Ukrainian forces are pulling out of the strategic eastern city of Debaltseve, President Petro Poroshenko said Wednesday.
“This morning the armed forces and the national guard completed the planned and organized withdrawal from Debaltseve,” Poroshenko said, according to the Interfax Ukraine news agency.
He added that 80 per cent of the troops had left the embattled city. Poroshenko was speaking at Kiev airport, from where he was flying to visit troops in the conflict zone.
Some 5,000 Ukrainian troops have been encircled in the city, which serves a vital transport hub and has been controlled by government forces through much of the conflict in eastern Ukraine.
However, Poroshenko denied that there had been a siege. “Debaltseve was under our control, there was no encirclement,” he said.
He called on the European Union and the US to give a tough reaction to “Russia’s brutal violation” of the latest Minsk peace accord, which stipulated a ceasefire that was to take hold last Sunday. “We will prepare organized and coordinated action,” he said.
The rebels and Russia argue that Debaltseve is not affected by the ceasefire agreement because it is located inside rebel-held territory.
Russian Foreign Minister Sergei Lavrov reiterated this line on Wednesday. Speaking in Moscow, he warned Kiev and the West against using Debaltseve as a pretext to tear up the Minsk agreement.
“Such attempts happened earlier and we don’t want to see them repeated, he said.
EU foreign policy chief Federica Mogherini said that the separatists were acting in “clear violation” of the Minsk agreement and demanded that they stop all military activities.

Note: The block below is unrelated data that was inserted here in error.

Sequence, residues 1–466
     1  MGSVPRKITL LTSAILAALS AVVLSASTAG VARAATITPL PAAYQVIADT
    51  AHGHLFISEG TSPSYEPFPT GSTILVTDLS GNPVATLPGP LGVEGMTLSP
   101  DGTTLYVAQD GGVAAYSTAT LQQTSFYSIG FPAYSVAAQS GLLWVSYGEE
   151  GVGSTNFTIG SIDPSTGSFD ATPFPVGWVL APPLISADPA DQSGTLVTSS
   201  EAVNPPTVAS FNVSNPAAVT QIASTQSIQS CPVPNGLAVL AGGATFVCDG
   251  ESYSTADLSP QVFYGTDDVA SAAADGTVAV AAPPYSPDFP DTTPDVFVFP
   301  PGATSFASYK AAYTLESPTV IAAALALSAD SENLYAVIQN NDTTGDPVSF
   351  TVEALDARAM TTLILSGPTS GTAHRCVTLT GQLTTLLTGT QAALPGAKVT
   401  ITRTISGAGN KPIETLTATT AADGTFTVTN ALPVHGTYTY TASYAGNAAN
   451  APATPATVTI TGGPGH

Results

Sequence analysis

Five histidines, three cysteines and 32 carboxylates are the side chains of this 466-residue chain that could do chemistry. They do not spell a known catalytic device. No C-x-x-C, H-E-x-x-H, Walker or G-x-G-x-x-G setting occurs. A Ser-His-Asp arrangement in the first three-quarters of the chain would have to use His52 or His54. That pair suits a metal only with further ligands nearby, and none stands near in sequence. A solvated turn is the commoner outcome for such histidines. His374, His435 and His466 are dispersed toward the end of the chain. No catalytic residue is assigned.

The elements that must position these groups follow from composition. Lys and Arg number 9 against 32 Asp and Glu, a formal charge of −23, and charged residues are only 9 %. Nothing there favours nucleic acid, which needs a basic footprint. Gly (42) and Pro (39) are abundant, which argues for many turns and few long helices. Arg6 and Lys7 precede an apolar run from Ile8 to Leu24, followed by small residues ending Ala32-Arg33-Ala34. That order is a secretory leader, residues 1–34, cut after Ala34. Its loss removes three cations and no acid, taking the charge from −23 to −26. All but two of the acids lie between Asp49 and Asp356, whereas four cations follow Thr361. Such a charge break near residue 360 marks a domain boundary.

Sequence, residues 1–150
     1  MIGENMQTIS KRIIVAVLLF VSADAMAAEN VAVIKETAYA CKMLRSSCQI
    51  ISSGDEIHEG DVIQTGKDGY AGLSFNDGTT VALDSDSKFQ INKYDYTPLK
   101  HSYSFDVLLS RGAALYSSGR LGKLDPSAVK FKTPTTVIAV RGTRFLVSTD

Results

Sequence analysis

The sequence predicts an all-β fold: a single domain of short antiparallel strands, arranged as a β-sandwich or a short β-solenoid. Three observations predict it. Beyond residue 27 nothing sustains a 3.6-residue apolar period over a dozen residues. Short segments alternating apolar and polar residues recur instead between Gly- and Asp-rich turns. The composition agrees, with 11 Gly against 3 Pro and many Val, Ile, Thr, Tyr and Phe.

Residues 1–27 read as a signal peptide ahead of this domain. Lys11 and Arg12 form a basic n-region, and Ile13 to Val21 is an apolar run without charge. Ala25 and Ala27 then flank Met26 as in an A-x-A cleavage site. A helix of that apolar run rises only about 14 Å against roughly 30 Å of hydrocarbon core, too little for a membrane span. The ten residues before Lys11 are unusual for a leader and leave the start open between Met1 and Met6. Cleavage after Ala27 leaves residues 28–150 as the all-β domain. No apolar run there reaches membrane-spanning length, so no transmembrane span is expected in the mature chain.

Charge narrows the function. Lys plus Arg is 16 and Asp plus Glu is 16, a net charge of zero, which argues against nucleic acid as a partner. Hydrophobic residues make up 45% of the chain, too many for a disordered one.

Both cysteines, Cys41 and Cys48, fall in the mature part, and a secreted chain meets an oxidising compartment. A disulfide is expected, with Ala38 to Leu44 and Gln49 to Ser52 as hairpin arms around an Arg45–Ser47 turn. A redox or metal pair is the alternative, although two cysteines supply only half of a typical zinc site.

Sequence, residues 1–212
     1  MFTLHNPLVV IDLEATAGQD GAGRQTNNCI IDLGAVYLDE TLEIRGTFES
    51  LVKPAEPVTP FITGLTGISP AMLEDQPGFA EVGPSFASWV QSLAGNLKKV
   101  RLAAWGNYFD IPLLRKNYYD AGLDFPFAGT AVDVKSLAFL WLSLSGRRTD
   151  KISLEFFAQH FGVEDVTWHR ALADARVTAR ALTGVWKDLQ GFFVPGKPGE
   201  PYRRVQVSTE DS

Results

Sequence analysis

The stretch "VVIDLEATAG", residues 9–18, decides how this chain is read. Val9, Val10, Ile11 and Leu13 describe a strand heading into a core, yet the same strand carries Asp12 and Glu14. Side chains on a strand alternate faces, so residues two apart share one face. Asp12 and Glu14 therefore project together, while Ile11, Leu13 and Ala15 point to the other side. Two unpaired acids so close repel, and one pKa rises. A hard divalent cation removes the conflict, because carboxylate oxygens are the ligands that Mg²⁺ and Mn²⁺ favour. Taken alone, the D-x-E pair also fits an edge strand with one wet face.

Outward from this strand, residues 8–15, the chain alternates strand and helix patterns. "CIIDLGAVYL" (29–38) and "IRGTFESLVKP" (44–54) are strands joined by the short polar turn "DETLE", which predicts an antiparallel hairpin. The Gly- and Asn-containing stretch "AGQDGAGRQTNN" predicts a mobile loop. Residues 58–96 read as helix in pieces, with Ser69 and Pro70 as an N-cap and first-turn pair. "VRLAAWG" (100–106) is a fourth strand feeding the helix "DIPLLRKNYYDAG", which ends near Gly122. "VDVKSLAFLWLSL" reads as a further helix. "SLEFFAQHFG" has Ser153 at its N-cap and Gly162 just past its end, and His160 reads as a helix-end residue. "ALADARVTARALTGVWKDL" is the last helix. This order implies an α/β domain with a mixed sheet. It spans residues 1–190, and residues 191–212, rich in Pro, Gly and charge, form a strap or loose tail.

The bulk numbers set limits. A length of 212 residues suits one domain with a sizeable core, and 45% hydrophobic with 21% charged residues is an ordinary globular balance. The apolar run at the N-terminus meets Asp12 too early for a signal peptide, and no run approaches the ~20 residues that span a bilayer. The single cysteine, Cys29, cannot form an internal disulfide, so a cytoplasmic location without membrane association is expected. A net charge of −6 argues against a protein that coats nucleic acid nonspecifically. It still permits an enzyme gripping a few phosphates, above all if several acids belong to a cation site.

“The EU stands ready to take appropriate action,” if the violations continue, Mogherini said in Riga.
According to Ukrainian media reports, the withdrawal from Debaltseve began before dawn on Wednesday. Many soldiers left their positions on foot, while coming under fire from separatists, the Hromadske television channel reported.
A senior separatist leader said that hundreds of Ukrainian soldiers had given themselves up. Among them are many injured, Maxim Leshchenko said in Donetsk, the Interfax news agency reported.
Another militia commander, Vladislav Brig, told Moscow’s Kommersant FM radio that the separatists are letting the soldiers pass into government-controlled territory.
“Around 1,000 have already passed through a corridor,” he said.
The separatists also said that they had begun withdrawing heavy weapons in compliance with last week’s ceasefire agreement.
“Five 152-milimetre howitzers are being withdrawn from the Yelenovka district,” senior militia leader Eduard Basurin was quoted as saying by the rebel-run Donetsk News Agency.
Basurin was referring to Olenivka, a village south of Donetsk, relatively far from the strategic city of Debaltseve, the site of intense fighting in spite of the truce.
Although the accord signed in Minsk stipulates that both separatists and government troops need to withdraw heavy weapons at least two days after the start of the ceasefire, both sides had refused to start as they traded blame for its violation. SAPA